Kingdom values have helped bring radical transformation in society precisely when Christians understood their calling to be salt and light in the public square.
He, what He gives to us, how He gives it and His timing in doing so, is always enough.
Which of us, on beginning to dig beneath the surface of our life, does not discover at least some level of discontentment regarding our existence? In fact, that is the reason why we often prefer to tiptoe around our daily lives and not stop to think too much.
Some say, “It’s bad to think.” More so, I suppose, when one might discvoer some things which are not too pleasing…
Even those of us who are relatively well off, even in the midst of the difficult moments we go through are often, if not disappointed, still aspiring to something more. I’m not referring just to spiritual aspirations because they’re not the most common kind and I don’t believe that we’re at risk of excess in that area. On the contrary, we could probably do with having more such aspirations.
Nor am I thinking only about material blessings. Sometimes the aspirations may be unrealised dreams, parts of which we have received, but not necessarily in the way that we would have liked or have hoped for. They may be disappointments that accumulate deep in our soul because we still don’t understand why a request that seems so “obviously holy,” like that one we are asking the Lord for, hasn’t been answered in the way that we would have liked.
Even when many of these requests are brought before the Lord with humility and a sincere desire for His will to be done in everything, sometimes, while not reaching the level of disappointment or rebellion, we are left with a level of incomprehension that forces us (unless, as we said in the beginning, we get down on our knees) to face the point of today’s reflection: He and what He gives to us, how He gives it and His timing in doing so, is always enough.
God, in some way, says to us through each of those circumstances, “I am enough.”
Because when we’re facing a difficult situation, or at least something that feels “incomplete” according to what we consider reasonable, adequate or desirable, even when it seems that none of these things that we aspire to would be negative, but rather positive, what God gives us is not just something. It’s someone.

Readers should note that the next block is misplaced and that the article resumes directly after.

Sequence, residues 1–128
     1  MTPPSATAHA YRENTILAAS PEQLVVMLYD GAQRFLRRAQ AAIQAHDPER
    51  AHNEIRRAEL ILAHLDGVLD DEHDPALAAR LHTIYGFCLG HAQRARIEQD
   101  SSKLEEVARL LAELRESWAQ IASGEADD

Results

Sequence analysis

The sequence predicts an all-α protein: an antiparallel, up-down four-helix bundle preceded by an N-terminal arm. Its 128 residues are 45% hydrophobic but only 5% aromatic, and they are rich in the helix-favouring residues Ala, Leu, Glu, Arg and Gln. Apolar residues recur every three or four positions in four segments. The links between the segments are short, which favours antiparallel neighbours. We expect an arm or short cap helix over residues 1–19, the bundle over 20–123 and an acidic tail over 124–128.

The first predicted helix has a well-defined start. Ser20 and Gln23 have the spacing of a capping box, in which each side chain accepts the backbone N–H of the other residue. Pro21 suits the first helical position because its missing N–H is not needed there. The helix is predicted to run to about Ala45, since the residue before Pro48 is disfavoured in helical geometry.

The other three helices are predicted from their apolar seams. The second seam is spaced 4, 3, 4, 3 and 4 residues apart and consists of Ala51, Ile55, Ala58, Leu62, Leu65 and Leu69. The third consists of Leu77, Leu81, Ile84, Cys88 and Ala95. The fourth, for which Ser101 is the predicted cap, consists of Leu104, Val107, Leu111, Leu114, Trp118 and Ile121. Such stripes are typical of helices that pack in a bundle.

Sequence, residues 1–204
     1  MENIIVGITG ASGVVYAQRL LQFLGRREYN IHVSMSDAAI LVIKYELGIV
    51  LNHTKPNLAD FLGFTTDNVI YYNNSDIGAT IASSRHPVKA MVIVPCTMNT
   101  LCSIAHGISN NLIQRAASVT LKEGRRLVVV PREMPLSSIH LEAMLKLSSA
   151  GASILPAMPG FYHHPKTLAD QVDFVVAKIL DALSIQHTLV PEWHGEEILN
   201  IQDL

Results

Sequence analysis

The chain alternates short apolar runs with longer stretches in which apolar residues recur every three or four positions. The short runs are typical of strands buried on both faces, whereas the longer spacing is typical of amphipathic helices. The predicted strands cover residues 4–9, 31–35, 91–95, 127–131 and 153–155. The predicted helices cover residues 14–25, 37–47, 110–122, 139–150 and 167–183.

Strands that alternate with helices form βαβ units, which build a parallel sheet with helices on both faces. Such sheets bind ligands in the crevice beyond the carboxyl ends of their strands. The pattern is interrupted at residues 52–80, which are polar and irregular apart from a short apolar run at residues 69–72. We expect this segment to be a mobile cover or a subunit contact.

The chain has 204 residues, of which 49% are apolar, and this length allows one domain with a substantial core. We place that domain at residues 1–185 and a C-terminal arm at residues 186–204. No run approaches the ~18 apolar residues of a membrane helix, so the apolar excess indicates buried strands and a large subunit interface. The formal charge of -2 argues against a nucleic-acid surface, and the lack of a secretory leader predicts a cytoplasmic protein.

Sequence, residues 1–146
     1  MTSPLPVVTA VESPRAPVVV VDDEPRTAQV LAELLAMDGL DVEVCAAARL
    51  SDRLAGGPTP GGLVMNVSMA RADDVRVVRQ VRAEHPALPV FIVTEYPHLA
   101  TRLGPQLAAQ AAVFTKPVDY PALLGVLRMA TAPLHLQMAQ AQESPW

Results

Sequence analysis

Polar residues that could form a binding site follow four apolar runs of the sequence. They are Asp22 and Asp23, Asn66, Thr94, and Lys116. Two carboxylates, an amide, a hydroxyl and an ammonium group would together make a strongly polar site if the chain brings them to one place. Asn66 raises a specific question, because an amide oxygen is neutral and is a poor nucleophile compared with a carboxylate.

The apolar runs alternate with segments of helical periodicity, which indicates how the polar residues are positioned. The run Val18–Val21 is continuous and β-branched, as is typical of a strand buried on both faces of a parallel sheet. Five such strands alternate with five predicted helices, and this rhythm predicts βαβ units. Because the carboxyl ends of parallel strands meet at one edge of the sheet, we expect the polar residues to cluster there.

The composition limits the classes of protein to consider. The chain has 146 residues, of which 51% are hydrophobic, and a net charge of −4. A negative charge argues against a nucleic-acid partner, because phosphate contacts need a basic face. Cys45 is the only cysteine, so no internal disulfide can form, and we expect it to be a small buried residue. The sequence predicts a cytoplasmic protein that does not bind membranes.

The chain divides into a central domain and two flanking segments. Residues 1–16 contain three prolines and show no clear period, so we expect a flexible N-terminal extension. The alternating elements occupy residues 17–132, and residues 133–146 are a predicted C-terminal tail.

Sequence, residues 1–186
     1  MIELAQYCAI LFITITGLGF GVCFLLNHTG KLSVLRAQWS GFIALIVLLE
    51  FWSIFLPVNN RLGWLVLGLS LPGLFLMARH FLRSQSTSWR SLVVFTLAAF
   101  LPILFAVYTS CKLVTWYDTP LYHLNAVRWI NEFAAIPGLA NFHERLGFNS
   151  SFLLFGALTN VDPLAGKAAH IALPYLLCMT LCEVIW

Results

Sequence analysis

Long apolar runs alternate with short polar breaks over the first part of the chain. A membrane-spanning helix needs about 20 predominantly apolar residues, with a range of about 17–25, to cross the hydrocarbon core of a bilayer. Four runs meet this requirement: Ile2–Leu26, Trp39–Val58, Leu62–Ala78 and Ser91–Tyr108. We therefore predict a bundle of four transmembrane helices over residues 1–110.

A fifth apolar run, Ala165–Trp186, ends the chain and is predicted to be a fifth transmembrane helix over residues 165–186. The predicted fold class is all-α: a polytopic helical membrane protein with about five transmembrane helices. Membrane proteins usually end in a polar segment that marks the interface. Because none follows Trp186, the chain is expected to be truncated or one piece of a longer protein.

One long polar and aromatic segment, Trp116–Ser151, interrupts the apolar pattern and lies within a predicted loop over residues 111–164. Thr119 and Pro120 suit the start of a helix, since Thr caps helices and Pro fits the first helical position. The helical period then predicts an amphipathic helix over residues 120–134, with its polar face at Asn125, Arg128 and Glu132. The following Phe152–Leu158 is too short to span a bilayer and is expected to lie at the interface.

He gives Himself in the middle of that circumstance (or instead of what we ask for) so that we understand that it is He that we must aspire to. It’s in those moments in which we perceive something to be lacking, or we have an unfulfilled desire, it’s in the time of draught, or of incomprehension or of waiting, that we find Him in a more personal way. That is our true gift, “I am enough”. “You have me. Can you really aspire to something more when I myself accompany you and provide for you, when I give you my promises and I guarantee you that what I give you is enough?”
Our heart always seems to be searching for something more than what we have. And God, as I understand it, always reminds us that we don’t need anything more than what He, in His grace, has given us.
What we desire, so many times, separates us from God. Or it would separate us if the time arrived, even if we don’t see that now. Or it wouldn’t allow us to know him deeply enough, because it would distract us. Or simply, it doesn’t correspond exactly with what He wants for us, because His will always exceeds anything that we could ask for or understand.
To find, within every apparent lack, the opportunity for a new encounter with the creator, the wonderful power to discover in Him, who is our “everything,” that nothing outside of Him could ever supply the goodness of His grace and generosity with us, is more than we will ever be capable of asking for. Because that’s where we truly grow, where we encounter him to know him more deeply and to understand, at last, with the perspective of time, how much he saved us from by not responding affirmatively to our pleas.
His will is enough. His grace is enough. His person is enough and His work in us, above our own aspirations, will always be greater than we can understand or ask for.